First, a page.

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McKnight v. Kerestes

United States District Court, M.D. Pennsylvania

June 13, 2017

WILLIAM F. MCKNIGHT, Petitioner
v.
WARDEN KERESTES, Respondent

          MEMORANDUM

          RICHARD P. CONABOY United States District Judge

         Background

         William F. McKnight initiated this pro se petition for writ of habeas corpus pursuant to 28 U.S.C. § 2254 while confined at the Mahanoy State Correctional Institution, Frackville, Pennsylvania (SCI-Mahanoy).[1] Service of the petition was previously ordered.

         Petitioner entered a guilty plea on March 27, 2014 to a charge of making/selling/repairing an offensive weapon in the Wayne County, Pennsylvania Court of Common Pleas.[2] McKnight was sentenced that same day to an eighteen (18) to forty-two (42) month term of imprisonment.

         Petitioner filed a direct appeal which was denied by the Pennsylvania Superior Court on October 6, 2014. He did not seek further review. McKnight states that he thereafter filed a habeas corpus petition with the sentencing court on February 24, 2014.[3]His petition asserted claims of newly discovered evidence, ineffective assistance of counsel, and falsification of police documents. The Petitioner asserts that no action was taken on his petition by the Wayne County Court of Common Pleas.

         McKnight claims entitlement to federal habeas corpus relief on the grounds that the state trial court acted improperly by refusing to provide him with an evidentiary hearing on his habeas corpus petition. See Doc. 1, ¶ 12. He adds that his court appointed attorney failed to pursue the matter which would have shown that he could not have been in possession of a firearm and that he was the subject of a falsified search warrant. Petitioner further contends that the state's court failure to take action also denied him his right to file an appeal.

         Petitioner has also provided the Court with a copy of a Superior Court Order dated March 21, 2016 denying his appeal for failure to file a brief. See Doc. 16. McKnight claims that he never filed or authorized any such appeal. See id.

         According to the Respondent Petitioner filed both a direct appeal and a PCRA action, both of which were denied by the trial court. The PCRA action is described as raising claims including the issue of whether McKnight knowingly, voluntarily, and intelligently waived his right to counsel. See Doc. 11, ¶ 5. Respondent adds that the Superior Court remanded the matter to the trial court for an on the record determination as to whether Petitioner made a proper waiver of his right to counsel. A hearing on that matter was scheduled by the trial court for January, 2016. The appeal of the PCRA action was pending before the Superior Court at the time this matter was filed.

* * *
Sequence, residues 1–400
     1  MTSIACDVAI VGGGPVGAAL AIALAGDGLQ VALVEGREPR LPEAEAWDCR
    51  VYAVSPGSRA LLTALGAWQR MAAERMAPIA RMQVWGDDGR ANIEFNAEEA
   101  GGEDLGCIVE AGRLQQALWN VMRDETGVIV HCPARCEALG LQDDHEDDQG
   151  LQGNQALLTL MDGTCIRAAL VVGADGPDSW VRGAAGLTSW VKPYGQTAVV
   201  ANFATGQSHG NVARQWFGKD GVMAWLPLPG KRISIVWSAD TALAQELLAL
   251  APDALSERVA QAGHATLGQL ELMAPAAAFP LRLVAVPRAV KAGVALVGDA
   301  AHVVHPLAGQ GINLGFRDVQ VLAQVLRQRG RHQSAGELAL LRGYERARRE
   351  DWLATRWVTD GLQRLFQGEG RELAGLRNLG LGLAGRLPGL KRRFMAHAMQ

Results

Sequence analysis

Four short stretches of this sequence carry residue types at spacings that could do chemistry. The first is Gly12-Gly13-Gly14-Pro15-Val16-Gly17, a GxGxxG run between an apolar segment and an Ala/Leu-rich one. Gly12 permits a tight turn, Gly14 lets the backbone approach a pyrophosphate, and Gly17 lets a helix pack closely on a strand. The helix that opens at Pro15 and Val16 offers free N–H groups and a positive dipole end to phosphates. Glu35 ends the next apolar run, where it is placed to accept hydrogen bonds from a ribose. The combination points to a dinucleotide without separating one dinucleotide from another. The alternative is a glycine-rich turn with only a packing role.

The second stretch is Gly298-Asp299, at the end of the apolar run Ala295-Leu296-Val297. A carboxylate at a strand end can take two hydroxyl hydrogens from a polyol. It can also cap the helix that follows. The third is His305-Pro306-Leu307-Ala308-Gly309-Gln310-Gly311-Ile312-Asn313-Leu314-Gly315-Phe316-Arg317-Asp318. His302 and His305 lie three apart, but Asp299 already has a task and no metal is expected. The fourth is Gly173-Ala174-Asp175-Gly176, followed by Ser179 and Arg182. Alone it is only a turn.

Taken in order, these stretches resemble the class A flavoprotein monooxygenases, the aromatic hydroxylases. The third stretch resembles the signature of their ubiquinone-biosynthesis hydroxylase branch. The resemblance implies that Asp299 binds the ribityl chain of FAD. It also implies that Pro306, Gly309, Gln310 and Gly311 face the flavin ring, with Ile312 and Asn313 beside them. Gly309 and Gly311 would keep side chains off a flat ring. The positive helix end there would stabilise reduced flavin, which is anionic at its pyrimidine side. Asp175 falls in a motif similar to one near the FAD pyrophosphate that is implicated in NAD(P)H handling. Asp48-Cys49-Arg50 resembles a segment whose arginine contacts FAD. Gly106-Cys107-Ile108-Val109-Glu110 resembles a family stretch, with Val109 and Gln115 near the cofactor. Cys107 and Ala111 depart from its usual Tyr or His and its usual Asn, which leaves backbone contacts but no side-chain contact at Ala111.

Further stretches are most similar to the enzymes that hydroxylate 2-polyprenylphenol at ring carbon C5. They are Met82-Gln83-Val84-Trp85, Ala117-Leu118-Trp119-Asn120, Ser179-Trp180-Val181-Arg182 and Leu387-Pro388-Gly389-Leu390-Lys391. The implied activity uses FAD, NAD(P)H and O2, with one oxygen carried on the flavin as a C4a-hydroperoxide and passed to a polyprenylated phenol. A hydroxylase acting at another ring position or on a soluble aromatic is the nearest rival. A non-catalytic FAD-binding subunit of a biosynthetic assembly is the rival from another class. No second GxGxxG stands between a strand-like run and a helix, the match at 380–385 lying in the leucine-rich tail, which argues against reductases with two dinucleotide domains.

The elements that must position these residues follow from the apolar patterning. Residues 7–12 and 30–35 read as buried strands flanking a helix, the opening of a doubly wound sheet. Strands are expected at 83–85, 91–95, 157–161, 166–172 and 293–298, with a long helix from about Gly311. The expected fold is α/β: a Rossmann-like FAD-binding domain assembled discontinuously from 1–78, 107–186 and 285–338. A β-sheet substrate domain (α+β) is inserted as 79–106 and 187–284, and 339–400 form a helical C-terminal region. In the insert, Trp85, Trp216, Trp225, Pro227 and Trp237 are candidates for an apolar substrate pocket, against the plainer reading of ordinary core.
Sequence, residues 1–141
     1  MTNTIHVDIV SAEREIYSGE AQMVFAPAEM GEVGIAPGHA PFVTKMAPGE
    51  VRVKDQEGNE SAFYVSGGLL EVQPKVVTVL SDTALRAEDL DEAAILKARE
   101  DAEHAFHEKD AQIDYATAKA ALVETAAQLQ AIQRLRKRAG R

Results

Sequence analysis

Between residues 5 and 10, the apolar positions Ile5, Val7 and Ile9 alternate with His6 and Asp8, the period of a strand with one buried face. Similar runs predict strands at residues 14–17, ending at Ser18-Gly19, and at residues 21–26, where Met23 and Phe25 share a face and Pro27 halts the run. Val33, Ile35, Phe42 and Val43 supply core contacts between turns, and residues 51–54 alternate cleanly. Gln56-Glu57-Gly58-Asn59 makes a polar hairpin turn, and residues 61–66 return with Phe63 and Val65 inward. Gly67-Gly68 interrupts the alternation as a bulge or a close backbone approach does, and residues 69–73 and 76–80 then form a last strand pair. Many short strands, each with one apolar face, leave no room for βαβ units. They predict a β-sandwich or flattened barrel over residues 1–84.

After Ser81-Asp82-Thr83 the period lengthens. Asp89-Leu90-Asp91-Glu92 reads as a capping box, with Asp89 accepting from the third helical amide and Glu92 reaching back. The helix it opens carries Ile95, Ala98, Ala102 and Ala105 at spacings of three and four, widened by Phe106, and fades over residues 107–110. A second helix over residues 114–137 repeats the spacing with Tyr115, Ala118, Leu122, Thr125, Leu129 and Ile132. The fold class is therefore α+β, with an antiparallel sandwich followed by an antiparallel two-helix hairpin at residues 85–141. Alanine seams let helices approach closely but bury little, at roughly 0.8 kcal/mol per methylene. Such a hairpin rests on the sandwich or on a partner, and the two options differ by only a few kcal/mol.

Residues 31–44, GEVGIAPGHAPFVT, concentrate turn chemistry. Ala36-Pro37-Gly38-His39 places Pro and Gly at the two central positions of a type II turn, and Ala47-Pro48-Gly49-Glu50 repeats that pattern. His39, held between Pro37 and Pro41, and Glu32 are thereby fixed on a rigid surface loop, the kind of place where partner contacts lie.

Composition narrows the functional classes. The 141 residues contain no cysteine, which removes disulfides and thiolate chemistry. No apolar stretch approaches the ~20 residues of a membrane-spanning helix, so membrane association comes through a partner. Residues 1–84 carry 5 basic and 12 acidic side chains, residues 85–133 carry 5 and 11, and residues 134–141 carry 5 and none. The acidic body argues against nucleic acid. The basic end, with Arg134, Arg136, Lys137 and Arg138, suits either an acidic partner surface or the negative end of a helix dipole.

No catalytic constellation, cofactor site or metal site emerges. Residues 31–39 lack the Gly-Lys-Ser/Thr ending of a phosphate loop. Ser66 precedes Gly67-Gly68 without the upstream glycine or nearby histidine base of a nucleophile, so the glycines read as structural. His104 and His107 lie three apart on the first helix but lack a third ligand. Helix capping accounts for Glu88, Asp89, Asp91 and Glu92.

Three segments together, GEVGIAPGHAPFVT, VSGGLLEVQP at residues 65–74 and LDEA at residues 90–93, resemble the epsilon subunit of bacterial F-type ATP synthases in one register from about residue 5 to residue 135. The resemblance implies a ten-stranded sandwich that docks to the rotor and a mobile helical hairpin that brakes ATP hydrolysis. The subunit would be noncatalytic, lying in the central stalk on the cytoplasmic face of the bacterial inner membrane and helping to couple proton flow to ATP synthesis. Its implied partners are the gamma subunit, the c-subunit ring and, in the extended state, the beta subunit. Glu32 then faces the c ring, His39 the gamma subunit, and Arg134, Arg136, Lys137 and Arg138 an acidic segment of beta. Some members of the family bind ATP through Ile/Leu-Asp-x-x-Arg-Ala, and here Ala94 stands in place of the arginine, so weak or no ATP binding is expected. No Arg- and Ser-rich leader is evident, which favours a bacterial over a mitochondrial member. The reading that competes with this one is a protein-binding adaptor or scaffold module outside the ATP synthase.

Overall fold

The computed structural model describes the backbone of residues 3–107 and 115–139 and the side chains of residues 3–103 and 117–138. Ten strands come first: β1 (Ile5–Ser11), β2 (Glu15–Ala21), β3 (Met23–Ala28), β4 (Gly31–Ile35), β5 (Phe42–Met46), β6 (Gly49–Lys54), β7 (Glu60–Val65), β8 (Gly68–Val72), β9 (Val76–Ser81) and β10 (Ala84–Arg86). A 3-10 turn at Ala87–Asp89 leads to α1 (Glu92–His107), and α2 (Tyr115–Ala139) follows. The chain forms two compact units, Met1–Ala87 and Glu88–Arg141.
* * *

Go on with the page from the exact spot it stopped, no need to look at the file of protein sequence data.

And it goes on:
Discussion

         McKnight claims entitlement to federal habeas corpus relief on the grounds that the state trial court acted improperly by refusing to provide him with an evidentiary hearing on his state habeas corpus petition. See Doc. 1, ¶ 12. As noted earlier, it appears that the state habeas corpus hearing was actually a PCRA proceeding.

         Based upon information provided by the parties, after the November, 2015 filing of this action, the Petitioner was provided with a PCRA hearing by the state trial court in January, 2016. Thereafter, his PCRA appeal was dismissed by the Superior Court on March 21, 2016.

         Mootness

         The case or controversy requirement of Article III, § 2 of the United States Constitution subsists through all stages of federal judicial proceedings. Parties must continue to have a “‘personal stake in the outcome' of the lawsuit." Lewis v. Continental Bank Corp., 494 U.S. 472, 477-78 (1990); Preiser v. Newkirk, 422 U.S. 395, 401 (1975). In other words, throughout the course of the action, the aggrieved party must suffer or be threatened with actual injury caused by the defendant. Lewis, 494 U.S. at 477.

         The adjudicatory power of a federal court depends upon "the continuing existence of a live and acute controversy." Steffel v. Thompson, 415 U.S. 452, 459 (1974) (emphasis in original). "The rule in federal cases is that an actual controversy must be extant at all stages of review, not merely at the time the complaint is filed." Id. at n.10 (citations omitted). "Past exposure to illegal conduct is insufficient to sustain a present case or controversy ... if unaccompanied by continuing, present adverse effects." Rosenberg v. Meese, 622 F.Supp. 1451, 1462 (S.D.N.Y. 1985) (citing O'Shea v. Littleton, 414 ...


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